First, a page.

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Old 01-30-2019, 05:01 AM
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Originally Posted by Philly Miata View Post
"Pointy end" I like that haha. So you introduced me to a new term, valving. A google search later and my understanding is that valving is the size of the hole that allows the fluid to travel through (damping?) on compression and rebound, so the two parts of the assembly are the spring and the shock(?)... I'm figuring spring is for rebound and the shock itself controls the amount and rate of compression... am I right so far?
You are right If you simplify it. One thing is revalving to handle other spring rates which 95% requests. Second thing is fine tuning which is the most difficult part of shocks tunning.
To handle spring rates you need proper amount of damping in some areas, regarding to fine tunning You need to be experianced shock tunner and good test driver ( i mean not the fastest one) but someone who fells every small details.
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Old 01-30-2019, 05:23 AM
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Originally Posted by Bronson M View Post
To get to the pointy end of a class like that you need to jump from below 400lb/in spring rates and long soft bump stops to 700/350 - 1000-550 lb/in range and invest in shocks that will control those rates.

This is where you'll find a lot of opinions, exida's are a proven commodity. Afco's are also an option, but no shock will be worth the money without the proper valving. In fact even lowly old Bilstein's with the right valving can kick some butt.

(Personal opinion alert) I've looked at the valving of hard s and MSM Bilstein's and calculated the critical dampening % and the low speed numbers look pretty decent up to 800/450 range. The high speed numbers are a little soft, so they won't be as good on rough tracks. A revalve by someone who knows what they're doing and I betcha they would be darn close to the high end stuff without adjustability. I'm running stock hard s shocks with 800/450 rates and the car does pretty darn good.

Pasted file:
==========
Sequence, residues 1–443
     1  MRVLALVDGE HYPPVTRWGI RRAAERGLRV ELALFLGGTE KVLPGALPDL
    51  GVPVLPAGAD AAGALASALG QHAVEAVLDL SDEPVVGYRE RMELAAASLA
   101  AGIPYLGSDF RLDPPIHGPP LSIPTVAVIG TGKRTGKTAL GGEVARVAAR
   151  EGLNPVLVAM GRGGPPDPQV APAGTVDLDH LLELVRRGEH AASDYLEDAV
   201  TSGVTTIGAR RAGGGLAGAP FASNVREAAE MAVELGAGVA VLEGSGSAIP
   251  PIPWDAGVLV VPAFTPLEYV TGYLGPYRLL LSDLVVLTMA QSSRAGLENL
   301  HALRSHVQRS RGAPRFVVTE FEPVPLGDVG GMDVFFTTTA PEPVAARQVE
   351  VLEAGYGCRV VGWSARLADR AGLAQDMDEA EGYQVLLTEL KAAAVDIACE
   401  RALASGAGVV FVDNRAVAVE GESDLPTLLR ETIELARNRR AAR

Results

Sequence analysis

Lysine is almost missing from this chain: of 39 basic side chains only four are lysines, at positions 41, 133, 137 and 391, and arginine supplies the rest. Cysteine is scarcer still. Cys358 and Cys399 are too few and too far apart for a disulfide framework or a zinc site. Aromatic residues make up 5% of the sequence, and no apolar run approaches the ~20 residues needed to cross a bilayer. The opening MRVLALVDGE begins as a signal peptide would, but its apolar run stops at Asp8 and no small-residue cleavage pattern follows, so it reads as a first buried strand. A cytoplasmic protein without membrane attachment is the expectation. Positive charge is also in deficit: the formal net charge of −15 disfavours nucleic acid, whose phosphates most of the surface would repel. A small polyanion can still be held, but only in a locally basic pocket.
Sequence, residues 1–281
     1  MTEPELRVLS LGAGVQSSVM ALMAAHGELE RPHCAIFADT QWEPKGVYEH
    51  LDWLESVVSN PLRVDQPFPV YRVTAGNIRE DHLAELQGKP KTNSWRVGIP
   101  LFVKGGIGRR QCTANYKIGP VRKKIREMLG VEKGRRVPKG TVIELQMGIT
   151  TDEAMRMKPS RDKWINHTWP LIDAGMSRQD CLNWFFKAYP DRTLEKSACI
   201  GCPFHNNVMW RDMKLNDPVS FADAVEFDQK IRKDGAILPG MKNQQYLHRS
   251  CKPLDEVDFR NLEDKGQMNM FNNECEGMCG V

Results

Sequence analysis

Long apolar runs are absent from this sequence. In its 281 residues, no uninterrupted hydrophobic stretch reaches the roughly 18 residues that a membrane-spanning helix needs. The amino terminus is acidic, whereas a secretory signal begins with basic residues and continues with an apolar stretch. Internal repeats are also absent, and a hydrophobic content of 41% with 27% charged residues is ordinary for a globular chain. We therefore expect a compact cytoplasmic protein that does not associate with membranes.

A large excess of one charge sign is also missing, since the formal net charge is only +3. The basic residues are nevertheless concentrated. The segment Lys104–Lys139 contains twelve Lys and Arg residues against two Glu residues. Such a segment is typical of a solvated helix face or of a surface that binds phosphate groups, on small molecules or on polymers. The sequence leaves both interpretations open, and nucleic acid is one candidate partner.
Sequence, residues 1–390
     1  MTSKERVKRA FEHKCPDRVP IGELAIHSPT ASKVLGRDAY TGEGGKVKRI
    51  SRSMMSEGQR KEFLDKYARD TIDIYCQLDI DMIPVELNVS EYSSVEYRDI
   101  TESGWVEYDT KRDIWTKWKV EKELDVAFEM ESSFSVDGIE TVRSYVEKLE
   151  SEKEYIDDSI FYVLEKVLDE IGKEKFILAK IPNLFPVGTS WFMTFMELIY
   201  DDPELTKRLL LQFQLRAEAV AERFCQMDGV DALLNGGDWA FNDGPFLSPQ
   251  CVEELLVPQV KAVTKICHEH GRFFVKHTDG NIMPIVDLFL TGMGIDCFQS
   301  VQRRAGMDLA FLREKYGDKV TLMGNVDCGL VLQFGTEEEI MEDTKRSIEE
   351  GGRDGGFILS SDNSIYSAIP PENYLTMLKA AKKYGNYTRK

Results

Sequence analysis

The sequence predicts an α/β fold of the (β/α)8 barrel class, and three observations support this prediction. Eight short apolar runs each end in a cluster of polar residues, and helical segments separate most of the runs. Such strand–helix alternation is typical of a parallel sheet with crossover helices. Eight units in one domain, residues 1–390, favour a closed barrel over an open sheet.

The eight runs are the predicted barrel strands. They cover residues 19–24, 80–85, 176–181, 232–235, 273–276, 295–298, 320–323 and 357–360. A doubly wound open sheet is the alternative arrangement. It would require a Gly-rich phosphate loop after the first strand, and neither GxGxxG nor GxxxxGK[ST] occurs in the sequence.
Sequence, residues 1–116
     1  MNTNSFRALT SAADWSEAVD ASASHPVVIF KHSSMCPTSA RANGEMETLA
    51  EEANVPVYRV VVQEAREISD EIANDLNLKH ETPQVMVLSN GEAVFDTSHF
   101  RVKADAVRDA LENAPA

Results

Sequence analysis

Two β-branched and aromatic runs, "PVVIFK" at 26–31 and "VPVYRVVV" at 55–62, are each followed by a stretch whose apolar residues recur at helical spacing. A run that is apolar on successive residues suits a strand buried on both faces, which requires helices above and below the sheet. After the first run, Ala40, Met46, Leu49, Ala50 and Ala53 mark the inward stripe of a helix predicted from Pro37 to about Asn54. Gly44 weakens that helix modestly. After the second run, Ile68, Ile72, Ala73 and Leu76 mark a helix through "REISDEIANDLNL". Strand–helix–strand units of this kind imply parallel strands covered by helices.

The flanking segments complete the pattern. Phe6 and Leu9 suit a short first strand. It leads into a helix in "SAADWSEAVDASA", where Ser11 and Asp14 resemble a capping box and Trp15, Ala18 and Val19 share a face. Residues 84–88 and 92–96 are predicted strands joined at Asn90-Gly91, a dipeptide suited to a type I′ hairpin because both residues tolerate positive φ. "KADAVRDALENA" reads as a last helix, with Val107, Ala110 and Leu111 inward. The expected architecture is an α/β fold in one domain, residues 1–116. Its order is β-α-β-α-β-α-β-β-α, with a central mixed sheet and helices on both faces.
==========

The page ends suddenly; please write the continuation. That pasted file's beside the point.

Do You have some graphs comparison between hard s and MSM which You mentioned ?
I am curious to look on those values if you said that you use stock bilies with 800/450 and it drives properly.
regarding to Your calculation i was annoyng as well due to lack of forces in high speed area ( main demerit do digressive valve ). I prepared some upgrades with lifted hih speed area and i will test it soon.
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Old 01-30-2019, 06:00 AM
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These graphs have been floating around the interwebs for a while now. You can see the damper rates, I'll have to dig up my critical damping spreadsheet later this week when I get back from my trip.
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Old 01-30-2019, 06:05 PM
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Here's the rebound critical damping for an MSM bilstein with 600lb spring (I think assumed stock-ish weight ~2400lb)



They're pretty over damped at low speeds (< 3inch/sec), about right at 3IPS, and pretty under damped at higher shaft speeds. Compression low speed damping is better suited tho.

They could definitely be better, but you can see why they're workable for the higher spring rates people use them for with coilover conversions- plenty of low speed to control body movement.
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Old 01-31-2019, 02:23 AM
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Originally Posted by Junkwhale View Post
Here's the rebound critical damping for an MSM bilstein with 600lb spring (I think assumed stock-ish weight ~2400lb)



They're pretty over damped at low speeds (< 3inch/sec), about right at 3IPS, and pretty under damped at higher shaft speeds. Compression low speed damping is better suited tho.

They could definitely be better, but you can see why they're workable for the higher spring rates people use them for with coilover conversions- plenty of low speed to control body movement.
Linear valve with high speed adjustability would be grear solution.
below my concept. I have not tested it yet on car.

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Old 01-31-2019, 05:01 AM
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I prepared critical damping calculations

front vs rear for stiff and soft springs setup

Attached Files
File Type: xlsx
critical.xlsx (108.2 KB, 6 views)